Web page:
When you think of Jesus’ twelve disciples, what’s the first thing that comes to mind? How would you describe them? My answer to this, in simple terms, is twofold: Post-Ascension/Pentecost, mighty men of God. Pre-Ascension/Pentecost… well, let’s just say they remind me a lot of myself as a teenager.
Having grown up in the church, a lot of wonderful people poured into me as my life in Christ developed. However, up until a certain point in my teens, there was a disconnect. As the trail runner, hunter, and competitive shooter I was at the time, I stuck out like a sore thumb among my peers. I had difficulty seeing my place within the church, and sometimes questioned whether I even had one. I had a burgeoning passion for God, but a subset of skills and knowledge that seemingly had no function in the environment of Christian ministry.
This persisted until certain godly men appeared in my life – ones I could relate to. For the first time in my life, I could talk about Minute-of-Angle and the qualifications for eldership with the same person! Laugh though you may, this was a turning point for me. No longer under pressure to suppress the fruits of my masculinity, I began to see, under the Scriptural guidance of these mentors, that my masculinity was quite necessary.
Long story short, this led to a dramatic personal transformation. I had never heard before that I, as a Christian man, was to take responsibility for and lead those around me, but when I did, the Spirit filled me in new way and began to overhaul my life. I can’t take credit for this, but rather point to the Spirit of God leveraging the faithfulness of a couple men who knew their Bibles, happened to speak my language, and made the effort to reach out to me.
The disciples were much like me – good-hearted goofballs with some random skills – even as they were mentored by Christ Himself. However, when Christ’s guidance climaxed with their receipt of the Holy Spirit, the narrative changed from denying the truth in front of a servant girl to mighty speeches that brought thousands to the Lord.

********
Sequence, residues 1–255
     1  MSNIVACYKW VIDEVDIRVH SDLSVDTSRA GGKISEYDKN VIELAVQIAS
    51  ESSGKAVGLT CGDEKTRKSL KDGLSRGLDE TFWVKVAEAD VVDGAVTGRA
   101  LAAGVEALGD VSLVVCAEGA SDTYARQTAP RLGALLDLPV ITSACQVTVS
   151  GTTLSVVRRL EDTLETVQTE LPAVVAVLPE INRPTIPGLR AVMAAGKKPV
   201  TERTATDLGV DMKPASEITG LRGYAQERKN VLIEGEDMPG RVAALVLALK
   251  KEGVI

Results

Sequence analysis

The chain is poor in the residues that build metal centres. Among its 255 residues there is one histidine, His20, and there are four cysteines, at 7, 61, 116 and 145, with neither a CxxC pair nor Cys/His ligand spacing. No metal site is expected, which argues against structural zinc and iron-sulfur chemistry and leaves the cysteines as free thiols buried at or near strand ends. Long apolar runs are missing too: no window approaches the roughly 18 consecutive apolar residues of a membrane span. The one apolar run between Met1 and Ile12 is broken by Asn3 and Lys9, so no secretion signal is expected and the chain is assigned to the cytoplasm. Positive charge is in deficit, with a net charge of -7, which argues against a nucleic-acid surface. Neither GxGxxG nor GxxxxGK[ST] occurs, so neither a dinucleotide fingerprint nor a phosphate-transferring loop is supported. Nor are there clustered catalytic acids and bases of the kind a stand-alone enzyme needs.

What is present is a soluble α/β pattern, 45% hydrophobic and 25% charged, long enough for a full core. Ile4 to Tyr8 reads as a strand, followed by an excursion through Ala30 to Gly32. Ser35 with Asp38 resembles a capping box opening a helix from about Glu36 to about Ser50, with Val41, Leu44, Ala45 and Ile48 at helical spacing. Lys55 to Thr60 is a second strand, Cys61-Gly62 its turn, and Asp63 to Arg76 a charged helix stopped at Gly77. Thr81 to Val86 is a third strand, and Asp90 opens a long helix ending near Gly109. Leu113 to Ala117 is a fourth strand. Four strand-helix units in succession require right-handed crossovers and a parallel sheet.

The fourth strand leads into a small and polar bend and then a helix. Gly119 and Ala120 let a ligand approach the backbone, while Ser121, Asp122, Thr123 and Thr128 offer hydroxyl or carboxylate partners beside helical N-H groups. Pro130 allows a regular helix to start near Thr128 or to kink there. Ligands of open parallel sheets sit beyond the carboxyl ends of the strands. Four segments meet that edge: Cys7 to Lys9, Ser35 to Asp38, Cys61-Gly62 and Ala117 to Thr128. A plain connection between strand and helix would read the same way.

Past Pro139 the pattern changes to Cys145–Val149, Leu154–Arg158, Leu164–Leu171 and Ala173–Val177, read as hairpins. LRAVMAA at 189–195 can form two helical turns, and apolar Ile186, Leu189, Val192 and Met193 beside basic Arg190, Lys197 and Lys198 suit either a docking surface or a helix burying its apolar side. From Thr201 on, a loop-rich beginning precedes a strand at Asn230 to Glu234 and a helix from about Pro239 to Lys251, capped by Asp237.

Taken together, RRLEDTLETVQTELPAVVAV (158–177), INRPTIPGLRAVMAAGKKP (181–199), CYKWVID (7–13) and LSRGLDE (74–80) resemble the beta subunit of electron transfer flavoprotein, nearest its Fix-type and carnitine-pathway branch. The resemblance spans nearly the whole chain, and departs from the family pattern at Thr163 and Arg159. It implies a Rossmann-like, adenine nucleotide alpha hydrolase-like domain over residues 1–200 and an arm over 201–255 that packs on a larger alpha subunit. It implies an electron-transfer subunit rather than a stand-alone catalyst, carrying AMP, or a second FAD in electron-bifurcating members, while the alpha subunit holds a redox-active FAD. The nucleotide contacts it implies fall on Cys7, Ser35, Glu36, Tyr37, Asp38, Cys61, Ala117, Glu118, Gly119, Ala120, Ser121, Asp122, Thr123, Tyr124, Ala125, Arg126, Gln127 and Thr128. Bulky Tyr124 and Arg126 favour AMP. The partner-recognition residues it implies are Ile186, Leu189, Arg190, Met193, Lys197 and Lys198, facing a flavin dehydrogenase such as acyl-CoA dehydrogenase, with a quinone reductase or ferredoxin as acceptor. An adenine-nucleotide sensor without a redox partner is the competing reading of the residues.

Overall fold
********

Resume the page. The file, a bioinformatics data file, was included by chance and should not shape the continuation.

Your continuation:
“Boyishness” is often labeled as ADHD before digressing into the behavior of a godless creature that our society labels as “toxic masculinity”, and as with anything repulsive in nature, throwing it away is easier than fixing it. However, the undeniable extra work and frustration involved in pointing a young man to Christ until he’s well-rooted (read Psalm 1) pays impressive dividends. The four components of a rifle cartridge are useless when contained and messy when not. But, when properly assembled and locked into the chamber of a proper instrument where a firing pin can punch the primer and ignite the propellant, cutting-edge performance can be achieved.
In both of MCC’s youth groups, I see spitting images of my teenaged self every week. And, although I care about the girls equally, my focus is to show these guys, in the midst of a society that often despises them, that they are not only necessary, but absolutely critical to the life of healthy churches, families, communities, and countries; that not only does God love them, but also that He has a mission for them.
Discipleship is important to us because it is the critical next-level involvement necessary to cultivate a fireproof dependence on God, and it is a task for the whole church:
“The things which you have heard from me in the presence of many witnesses, entrust these to faithful men who will be able to teach others also.” -- 2 Timothy 2:2
We sincerely hope that as our youth get gradually closer to being launched out into the world, you would join us in preparing them. You don’t have to be “cool”; you just need to love God, His Word, and His people. Nothing we do for the Lord is ever useless, and He always multiplies our efforts, even if we never see the results.